Water, water, lead sweet water: A three-step approach to access/manage a lead in water risk - by Lee Wasserman

November 19, 2019 - Design / Build
Lee Wasserman

Wow! Who would have thought the whole lead-in-water issue would resurrect itself in Newark, N.J.?  Didn’t we figure this one out? And didn’t our public water systems have enough common sense to keep their eyes on the ball and not make the same mistake(s)? In Newark’s situation, lead is entering the water system from a different source, which is not the same as Flint, but couldn’t they see it coming? Or, if we want to play conspiracy theorist, maybe they could and the EPA had been directed to look closer at the city of Newark to begin smear politics? Whatever the trigger, the bottom line is, once it’s out there and negatively sensationalized by the totally biased media, it’s out there! As the tailor’s tale goes, once the feathers are thrown into the wind, it is really, really hard (if not impossible) to get them back. And now the lead in water feathers have been released. So, what options does a property manager have to minimize risk, comply with laws (if any pertain to their specific situation), and protect their residents? In my almost 30 years of experience, I thought it would be interesting to share a three-step approach to assess and manage a lead in water (and any other chemical of concern) risk.

1. Have a lead in water, reasonably knowledgeable person on staff! The best defense is a good offense, and if nobody on your team knows the rules of the game, your team is in for trouble! What is “reasonable knowledge?” They have visited and read over the EPA website for lead in water (https://www.epa.gov/dwreginfo/lead-and-copper-rule). They have a general understanding of a property’s water distribution system (street to faucet), and they are familiar with any historical lead in water sampling results associated with the property (municipal or privately collected).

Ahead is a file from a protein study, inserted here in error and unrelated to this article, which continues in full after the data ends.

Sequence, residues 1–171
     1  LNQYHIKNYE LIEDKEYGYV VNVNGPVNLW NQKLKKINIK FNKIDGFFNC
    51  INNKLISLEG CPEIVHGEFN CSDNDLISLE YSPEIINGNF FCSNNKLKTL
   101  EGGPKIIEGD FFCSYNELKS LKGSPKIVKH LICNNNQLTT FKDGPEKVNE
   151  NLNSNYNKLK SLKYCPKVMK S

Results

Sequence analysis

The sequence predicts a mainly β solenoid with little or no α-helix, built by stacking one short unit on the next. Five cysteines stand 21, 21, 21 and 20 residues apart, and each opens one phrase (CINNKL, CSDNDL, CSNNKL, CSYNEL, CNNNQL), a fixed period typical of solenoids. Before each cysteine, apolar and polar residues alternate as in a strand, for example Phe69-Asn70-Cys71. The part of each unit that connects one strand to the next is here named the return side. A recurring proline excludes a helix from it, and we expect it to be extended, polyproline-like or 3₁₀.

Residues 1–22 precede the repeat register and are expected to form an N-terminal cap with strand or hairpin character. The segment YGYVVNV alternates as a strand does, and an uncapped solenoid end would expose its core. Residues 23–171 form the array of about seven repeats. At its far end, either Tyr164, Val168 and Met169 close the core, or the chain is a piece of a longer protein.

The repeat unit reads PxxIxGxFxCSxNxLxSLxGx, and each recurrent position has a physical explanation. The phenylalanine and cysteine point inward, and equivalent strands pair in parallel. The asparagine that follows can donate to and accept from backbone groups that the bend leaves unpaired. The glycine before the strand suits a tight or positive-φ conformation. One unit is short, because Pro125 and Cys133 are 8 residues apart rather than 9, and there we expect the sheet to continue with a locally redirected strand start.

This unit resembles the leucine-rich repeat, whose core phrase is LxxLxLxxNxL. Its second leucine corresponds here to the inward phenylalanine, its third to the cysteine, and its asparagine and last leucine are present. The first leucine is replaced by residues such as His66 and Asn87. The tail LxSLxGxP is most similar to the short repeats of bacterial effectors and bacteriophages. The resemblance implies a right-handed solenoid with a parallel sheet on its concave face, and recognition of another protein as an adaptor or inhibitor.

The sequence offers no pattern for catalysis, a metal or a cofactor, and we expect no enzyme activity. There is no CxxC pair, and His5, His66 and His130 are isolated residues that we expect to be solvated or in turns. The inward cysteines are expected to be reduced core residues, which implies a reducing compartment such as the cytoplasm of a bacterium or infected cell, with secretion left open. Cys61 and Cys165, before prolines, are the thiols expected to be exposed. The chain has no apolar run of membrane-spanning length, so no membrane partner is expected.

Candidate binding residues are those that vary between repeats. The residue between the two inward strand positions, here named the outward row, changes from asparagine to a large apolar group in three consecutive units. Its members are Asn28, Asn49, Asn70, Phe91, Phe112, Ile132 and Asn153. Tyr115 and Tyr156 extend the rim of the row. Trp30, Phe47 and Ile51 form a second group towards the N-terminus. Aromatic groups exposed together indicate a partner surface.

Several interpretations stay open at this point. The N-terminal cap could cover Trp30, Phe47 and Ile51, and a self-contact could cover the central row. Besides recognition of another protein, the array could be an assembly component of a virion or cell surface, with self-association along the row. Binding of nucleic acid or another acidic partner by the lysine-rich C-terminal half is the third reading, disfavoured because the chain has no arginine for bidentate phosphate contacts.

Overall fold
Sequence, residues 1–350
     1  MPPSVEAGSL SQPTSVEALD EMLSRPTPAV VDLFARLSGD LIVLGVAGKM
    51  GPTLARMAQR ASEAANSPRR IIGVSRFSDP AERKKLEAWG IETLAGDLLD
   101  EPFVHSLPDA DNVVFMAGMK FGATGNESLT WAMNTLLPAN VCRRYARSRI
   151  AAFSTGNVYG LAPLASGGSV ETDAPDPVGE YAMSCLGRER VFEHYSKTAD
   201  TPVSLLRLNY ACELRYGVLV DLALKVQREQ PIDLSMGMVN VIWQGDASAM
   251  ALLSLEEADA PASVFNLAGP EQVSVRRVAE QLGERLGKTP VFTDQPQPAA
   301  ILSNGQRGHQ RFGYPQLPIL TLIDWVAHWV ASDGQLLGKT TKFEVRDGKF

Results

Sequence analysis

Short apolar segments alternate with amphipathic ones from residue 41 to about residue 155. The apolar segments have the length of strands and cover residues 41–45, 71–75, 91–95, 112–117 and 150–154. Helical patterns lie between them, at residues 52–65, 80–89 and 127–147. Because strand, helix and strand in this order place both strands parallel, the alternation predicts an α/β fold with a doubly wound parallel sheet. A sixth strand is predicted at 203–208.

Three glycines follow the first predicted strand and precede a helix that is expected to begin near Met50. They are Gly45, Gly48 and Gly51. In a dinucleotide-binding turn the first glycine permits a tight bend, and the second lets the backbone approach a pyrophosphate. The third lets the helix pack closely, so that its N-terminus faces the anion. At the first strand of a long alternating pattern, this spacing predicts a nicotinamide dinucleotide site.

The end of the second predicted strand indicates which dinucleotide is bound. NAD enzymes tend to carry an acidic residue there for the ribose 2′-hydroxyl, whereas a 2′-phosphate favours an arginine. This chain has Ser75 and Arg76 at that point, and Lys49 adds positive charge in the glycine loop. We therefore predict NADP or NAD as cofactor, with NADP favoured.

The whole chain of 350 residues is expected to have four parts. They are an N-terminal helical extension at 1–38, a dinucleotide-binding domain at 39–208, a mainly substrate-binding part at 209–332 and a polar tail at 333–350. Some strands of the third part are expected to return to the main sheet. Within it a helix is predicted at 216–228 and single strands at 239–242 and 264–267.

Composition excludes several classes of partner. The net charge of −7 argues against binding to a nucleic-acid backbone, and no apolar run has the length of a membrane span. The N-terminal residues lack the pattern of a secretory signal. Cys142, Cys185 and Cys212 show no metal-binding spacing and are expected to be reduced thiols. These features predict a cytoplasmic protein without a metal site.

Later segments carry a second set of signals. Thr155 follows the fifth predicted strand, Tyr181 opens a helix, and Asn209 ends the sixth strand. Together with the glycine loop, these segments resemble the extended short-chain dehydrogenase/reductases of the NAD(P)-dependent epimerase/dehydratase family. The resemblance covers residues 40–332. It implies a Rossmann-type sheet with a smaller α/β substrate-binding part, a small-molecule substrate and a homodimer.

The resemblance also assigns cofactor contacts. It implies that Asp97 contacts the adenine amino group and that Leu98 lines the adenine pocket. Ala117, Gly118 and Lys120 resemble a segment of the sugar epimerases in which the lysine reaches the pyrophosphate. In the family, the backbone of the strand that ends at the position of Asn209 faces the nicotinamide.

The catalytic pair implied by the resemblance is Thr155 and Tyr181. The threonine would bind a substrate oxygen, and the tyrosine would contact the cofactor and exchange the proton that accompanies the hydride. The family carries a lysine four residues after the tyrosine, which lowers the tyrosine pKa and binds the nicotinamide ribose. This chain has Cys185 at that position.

2. Implement an annual lead in water “basic” sampling program. Option A - your own staff performs annual sampling. This would cost approximately $300 per year (CertifiedKit.com). Or option B - hire a trained, certified, insured third party professional for $500+ (www.LEWCorp.com). It’s hard to manage, protect, and defend if you have no documentation or proof to support “basic” sampling with a “basic” annual, relatively inexpensive program, and being somewhat proactive is always a better position than having your head in the sand!

3. Treat areas of concern and document appropriate actions! Just because you install a filter does not mean the occupants will properly use it. Just because EPA advises, we advise, and you advise the occupants to regularly flush their cold-water lines for five minutes twice a day does not mean they will. Regardless of occupant’s actions or lack thereof, the current climate and alarmist media will hold ownership/management responsible! So, a simple annual notification letter coupled with regular flushing, aerator cleaning, and/or replacement and filtering (where needed) are the principals of a “basic” proactive program.

Whether we like it or not, the lead in water feathers have once again been released into our space. The election season is upon us and politics is a funny business. The media stimulates the alarmist concern and the residents are fearful of what they don’t know. To further understand the concern you can certainly visit EPA web site, https://www.epa.gov/dwreginfo/lead-and-copper-rule. Or visit www.certifiedkit.com for a do-it-yourself water test kit. Or you can always contact your local water testing/consulting provider at LEWCorp.com. Questions are always free.

Lee Wasserman is the founder of LEW Corp., Mine Hills, N.J.



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